2.4 A HCW may encounter a patient who has had a cardiac arrest in a public place (i.e. without the benefit of resuscitative equipment or PPE). Under such circumstances they should follow guidance for members of the public, being aware of their professional obligations. Please refer to our statement on COVID-19, CPR and resuscitation in first aid and community settings for more information.
2.5 AGP PPE is the safest option for HCWs when undertaking chest compressions and other resuscitation procedures on patients with suspected or confirmed COVID. However, it is recognised that this may not be achievable in a primary or community care setting depending on the availability or otherwise of PPE. In the absence of AGP PPE, non AGP PPE if available for clinical care, must be worn as a minimum for resuscitation events.
2.6 When it is difficult to ascertain whether a person may or may not have COVID-19, the HCW must decide how to act in the circumstance in which they find themselves.
2.7 In any situation when a person with suspected or confirmed COVID is/becomes unresponsive, it is important to minimise the risk of droplet transmission.
During your assessment:
- Look for signs of life and normal breathing. Do not listen or feel for breathing by placing your ear and cheek close to the person’s mouth
- Feel for a carotid pulse if trained to do so
- Shout for help early so potential helpers are aware of the situation. They should remain at a distance of >2 metres from the unresponsive person
- If a person is unresponsive and not breathing normally, call the ambulance service in accordance with local protocols
- When calling, state the risk of COVID-19 if appropriate
- If an AED is available nearby and/or if a helper can fetch the device, it should be collected immediately
3. Post event considerations
3.1 Follow local guidance for safely removing PPE to avoid self-contamination and dispose of it in clinical waste bags as per local guidelines. Hand hygiene has an important role in decreasing transmission. Thoroughly wash hands with soap and water; alternatively, alcohol hand rub is also effective.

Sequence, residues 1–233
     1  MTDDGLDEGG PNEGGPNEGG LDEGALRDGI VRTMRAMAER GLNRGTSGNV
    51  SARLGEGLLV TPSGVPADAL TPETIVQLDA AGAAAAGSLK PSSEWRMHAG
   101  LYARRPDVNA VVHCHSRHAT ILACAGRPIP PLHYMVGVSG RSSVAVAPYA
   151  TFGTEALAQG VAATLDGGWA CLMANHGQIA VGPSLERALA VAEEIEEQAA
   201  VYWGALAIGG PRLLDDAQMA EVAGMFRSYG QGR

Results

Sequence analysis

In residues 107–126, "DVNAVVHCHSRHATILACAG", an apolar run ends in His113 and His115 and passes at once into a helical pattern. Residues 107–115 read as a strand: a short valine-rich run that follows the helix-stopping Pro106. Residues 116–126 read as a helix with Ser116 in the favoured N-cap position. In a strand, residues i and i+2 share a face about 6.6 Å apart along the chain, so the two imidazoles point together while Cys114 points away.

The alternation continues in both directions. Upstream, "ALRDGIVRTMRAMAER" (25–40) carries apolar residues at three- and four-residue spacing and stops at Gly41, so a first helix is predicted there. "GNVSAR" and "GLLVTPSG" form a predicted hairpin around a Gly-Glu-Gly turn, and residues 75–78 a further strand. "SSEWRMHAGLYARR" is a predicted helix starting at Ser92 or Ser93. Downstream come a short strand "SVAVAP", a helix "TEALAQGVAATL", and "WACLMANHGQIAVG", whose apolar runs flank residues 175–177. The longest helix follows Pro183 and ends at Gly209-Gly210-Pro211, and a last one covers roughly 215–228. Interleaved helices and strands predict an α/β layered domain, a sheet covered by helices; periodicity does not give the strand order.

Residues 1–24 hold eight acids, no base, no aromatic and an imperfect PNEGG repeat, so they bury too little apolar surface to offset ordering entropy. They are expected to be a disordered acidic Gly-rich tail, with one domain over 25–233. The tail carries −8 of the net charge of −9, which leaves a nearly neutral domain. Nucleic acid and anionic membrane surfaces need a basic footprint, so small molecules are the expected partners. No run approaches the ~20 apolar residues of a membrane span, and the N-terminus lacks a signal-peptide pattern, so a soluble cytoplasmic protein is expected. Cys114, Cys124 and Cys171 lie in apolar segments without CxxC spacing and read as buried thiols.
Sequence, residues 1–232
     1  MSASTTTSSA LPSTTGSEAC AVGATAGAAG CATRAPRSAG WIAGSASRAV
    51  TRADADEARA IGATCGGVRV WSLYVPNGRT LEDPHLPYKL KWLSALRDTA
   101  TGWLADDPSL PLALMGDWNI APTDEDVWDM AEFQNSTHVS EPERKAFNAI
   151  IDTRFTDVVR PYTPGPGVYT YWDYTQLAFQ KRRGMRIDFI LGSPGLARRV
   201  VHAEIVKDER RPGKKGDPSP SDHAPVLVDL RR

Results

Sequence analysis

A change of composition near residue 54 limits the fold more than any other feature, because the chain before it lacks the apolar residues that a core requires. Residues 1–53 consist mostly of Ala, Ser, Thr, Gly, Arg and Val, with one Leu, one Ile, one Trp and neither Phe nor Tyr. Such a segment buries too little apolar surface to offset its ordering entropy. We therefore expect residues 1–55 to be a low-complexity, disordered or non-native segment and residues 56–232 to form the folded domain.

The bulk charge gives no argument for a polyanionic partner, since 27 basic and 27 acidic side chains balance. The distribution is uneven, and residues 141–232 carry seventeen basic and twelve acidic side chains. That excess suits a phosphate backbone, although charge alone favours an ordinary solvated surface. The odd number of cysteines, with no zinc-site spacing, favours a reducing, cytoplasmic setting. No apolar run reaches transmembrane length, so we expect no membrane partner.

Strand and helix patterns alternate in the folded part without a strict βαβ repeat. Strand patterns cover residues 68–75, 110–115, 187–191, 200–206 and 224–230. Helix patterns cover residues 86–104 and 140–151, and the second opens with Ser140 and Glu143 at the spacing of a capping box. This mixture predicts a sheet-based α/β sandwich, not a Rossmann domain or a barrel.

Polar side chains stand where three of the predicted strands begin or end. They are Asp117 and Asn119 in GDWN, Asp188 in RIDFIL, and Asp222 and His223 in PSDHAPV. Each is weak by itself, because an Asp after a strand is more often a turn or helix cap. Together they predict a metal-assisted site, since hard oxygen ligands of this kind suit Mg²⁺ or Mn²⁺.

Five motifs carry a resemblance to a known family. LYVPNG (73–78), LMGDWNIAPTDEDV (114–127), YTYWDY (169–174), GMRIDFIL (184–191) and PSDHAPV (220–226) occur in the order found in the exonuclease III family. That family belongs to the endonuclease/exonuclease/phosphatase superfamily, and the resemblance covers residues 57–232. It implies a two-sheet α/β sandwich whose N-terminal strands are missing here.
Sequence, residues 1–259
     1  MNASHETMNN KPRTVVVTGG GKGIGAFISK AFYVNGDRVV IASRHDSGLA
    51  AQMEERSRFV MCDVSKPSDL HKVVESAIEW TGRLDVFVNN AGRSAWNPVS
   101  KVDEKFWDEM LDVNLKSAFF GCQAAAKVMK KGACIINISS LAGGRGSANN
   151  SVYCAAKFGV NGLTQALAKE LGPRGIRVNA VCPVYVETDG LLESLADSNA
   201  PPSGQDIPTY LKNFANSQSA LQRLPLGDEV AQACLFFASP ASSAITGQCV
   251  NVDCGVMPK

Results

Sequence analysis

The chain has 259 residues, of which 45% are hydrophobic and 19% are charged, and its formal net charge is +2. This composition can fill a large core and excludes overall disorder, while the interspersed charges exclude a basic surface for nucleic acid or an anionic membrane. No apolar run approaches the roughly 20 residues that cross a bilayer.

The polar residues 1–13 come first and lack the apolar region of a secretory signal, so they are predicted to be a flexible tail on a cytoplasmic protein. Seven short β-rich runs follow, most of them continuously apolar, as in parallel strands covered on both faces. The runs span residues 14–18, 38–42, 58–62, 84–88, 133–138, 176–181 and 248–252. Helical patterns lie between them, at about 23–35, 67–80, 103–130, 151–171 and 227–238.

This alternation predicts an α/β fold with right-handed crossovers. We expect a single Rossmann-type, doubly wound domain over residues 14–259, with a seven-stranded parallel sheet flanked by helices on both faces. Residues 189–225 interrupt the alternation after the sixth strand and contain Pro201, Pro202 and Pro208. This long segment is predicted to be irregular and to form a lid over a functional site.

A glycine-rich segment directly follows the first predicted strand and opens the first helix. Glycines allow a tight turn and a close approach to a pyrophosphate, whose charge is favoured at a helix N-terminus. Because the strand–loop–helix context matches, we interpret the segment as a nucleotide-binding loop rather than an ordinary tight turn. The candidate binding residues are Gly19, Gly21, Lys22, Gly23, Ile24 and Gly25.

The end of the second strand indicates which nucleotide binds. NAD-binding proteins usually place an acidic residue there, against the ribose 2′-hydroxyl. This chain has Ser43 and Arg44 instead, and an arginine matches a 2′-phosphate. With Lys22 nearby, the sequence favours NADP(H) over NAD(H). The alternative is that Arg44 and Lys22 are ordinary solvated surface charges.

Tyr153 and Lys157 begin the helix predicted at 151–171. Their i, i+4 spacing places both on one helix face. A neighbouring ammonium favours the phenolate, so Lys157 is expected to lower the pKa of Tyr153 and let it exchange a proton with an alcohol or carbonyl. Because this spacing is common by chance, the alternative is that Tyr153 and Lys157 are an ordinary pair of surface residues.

3.2 Dispose of, or clean, all equipment used during CPR following the manufacturer’s recommendations and local guidelines. Any work surfaces used for airway/resuscitation equipment will also need to be cleaned according to local guidelines.
3.3 Debrief at the end of the resuscitation attempt with any staff present.
3.4 Ensure appropriate documentation is completed and submitted to the relevant organisation/authority.
We are aware that paediatric cardiac arrest is likely to be caused by a respiratory problem, making ventilations crucial to the child’s chances of survival.
For out-of-hospital cardiac arrest, calling an ambulance and taking immediate action is vitally important. If a child is not breathing normally and no actions are taken, cardiac arrest will follow soon.
It is possible that the child/infant having an out-of-hospital cardiac arrest may be known to the rescuer. It is possible that doing rescue breaths will increase the risk of transmitting the COVID-19 virus, either to the rescuer or the child/infant. This may be mitigated by the use of airway adjuncts such as a face shield, pocket mask or bag-mask device. However, this risk is small compared to the risk of taking no action as this will result in certain cardiac arrest and the death of the child.
Published 11 May 2020
Download this statement as a PDF
Download Resuscitation Council UK's infographic for resuscitating adult COVID-19 patients in a primary care setting (PNG)